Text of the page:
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Striking gold in binutils

Striking gold in binutils

Posted Mar 26, 2008 17:53 UTC (Wed) by elanthis (guest, #6227)
In reply to: Striking gold in binutils by joey
Parent article: Striking gold in binutils

C++ programs tend to generate a huge number of symbols.  Things like Firefox and
OpenOffice.org are pure hell to build.  There's also the issue of simply large programs
written in other languages, or collections of programs.

Shaving 2 seconds off link time may not seem like much, but when you're compiling several
dozen executables in one go, that 2 seconds adds up really quick.


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Striking gold in binutils

Posted Mar 26, 2008 19:18 UTC (Wed) by mto (guest, #24123) [Link]

Won't this, in the long run, affect load times for applications? dynamically linked
applications need to be linked twice: once right after compile, and a second time at run time.
If gold could eventually replace ld.so and run 5 times faster, the impact is pretty big...

Striking gold in binutils

Posted Mar 26, 2008 20:44 UTC (Wed) by nix (subscriber, #2304) [Link]

It can't replace ld.so. The dynamic and static linkers have quite 
different (although related) jobs, and have very different goals as well 
(e.g. performance is utterly paramount for ld.so but less so for ld). The 
only system which has even *tried* to merge the two is AIX, and I think 
even it gave up in the end.

Striking gold in binutils

Posted Mar 26, 2008 19:58 UTC (Wed) by nix (subscriber, #2304) [Link]

It's not just 'a huge number of symbols'; it's 'a huge number of symbols 
with very long names differing only in their last few characters'.

This also proved to be a worst-case for a lot of dynamic linkers...

Striking gold in binutils

Posted Mar 27, 2008 7:17 UTC (Thu) by michaeljt (subscriber, #39183) [Link]

Is this really the case?  I once tried hacking up ld.so to do the lookup backwards (it is
actually possible without doing a strlen for every comparison) and I could see no difference
in performance, based on loading OpenOffice with both linkers and enabling the built-in linker
profiling.  Of course, I may have messed up something else in the process...

ld.so is different beast

Posted Mar 27, 2008 9:43 UTC (Thu) by khim (subscriber, #9252) [Link]

You can read about what goes on there in Drepper's article. Scroll down to "The GNU-style hash table".

ld.so is different beast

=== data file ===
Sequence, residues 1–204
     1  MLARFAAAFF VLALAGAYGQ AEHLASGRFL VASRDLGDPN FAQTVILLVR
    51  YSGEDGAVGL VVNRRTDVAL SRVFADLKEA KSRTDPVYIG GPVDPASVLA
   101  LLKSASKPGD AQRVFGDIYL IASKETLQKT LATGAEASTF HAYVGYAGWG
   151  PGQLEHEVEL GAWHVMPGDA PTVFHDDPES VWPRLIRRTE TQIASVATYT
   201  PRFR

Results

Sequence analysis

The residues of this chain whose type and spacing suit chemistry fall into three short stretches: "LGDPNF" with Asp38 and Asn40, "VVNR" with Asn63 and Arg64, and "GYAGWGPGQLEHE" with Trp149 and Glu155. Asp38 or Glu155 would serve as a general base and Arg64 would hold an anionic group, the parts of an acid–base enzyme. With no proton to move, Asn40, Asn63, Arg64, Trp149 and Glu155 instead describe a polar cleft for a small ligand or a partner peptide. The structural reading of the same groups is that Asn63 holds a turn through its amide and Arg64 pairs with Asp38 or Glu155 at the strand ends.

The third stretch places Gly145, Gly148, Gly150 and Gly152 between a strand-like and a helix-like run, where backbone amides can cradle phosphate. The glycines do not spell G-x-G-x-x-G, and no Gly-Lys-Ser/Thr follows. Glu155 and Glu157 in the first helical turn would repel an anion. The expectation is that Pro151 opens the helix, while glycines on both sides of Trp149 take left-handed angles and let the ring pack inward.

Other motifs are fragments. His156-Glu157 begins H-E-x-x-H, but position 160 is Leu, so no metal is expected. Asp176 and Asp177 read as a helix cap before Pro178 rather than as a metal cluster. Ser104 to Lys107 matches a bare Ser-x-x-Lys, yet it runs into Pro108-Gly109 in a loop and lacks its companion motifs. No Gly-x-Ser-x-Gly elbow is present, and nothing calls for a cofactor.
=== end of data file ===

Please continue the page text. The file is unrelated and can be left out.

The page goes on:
Posted Mar 27, 2008 10:16 UTC (Thu) by michaeljt (subscriber, #39183) [Link]

That article was the reason I tried it in the first place :)

Striking gold in binutils

Posted Mar 27, 2008 10:46 UTC (Thu) by nix (subscriber, #2304) [Link]

Hm, interesting. I'll try it at some point (probably with part of KDE: OOo takes too damn long
to build ;} ) and see if I can make it go slow ;}

Striking gold in binutils

Posted Mar 27, 2008 11:05 UTC (Thu) by michaeljt (subscriber, #39183) [Link]

No need to rebuild anything to try out a new dynamic linker, methinks...

Striking gold in binutils

Posted Mar 28, 2008 21:27 UTC (Fri) by nix (subscriber, #2304) [Link]

I need to rebuild it to add back a non DT_GNU_HASH :)

Striking gold in binutils

Posted Mar 28, 2008 16:26 UTC (Fri) by landley (subscriber, #6789) [Link]

A friend of mine who still bothers with C++ explained to me once how C++ compilers used to use
a linker optimization where the name mangling would put the innermost identifiers first, and
the outermost identifiers last.  That way if you had these two symbols:

class1.class2.class3.class4.member1
class1.class2.class3.class4.member2

By comparing "member1" vs "member2" first, your string match would figure out inequality
faster.  If you go the other way, your string matches have to go through lots of common
namespace for every symbol before coming to the unique parts, and with BigLongMixedCaseNames
this can get fairly ridiculous.

Now, which way did the Intel Itanium C++ spec specify that name mangling had to occur?  The
long way that links slowly, of course.  And everybody else picked up the Itanium C++ spec
because nobody else bothered to write up a standard for this part of the language.


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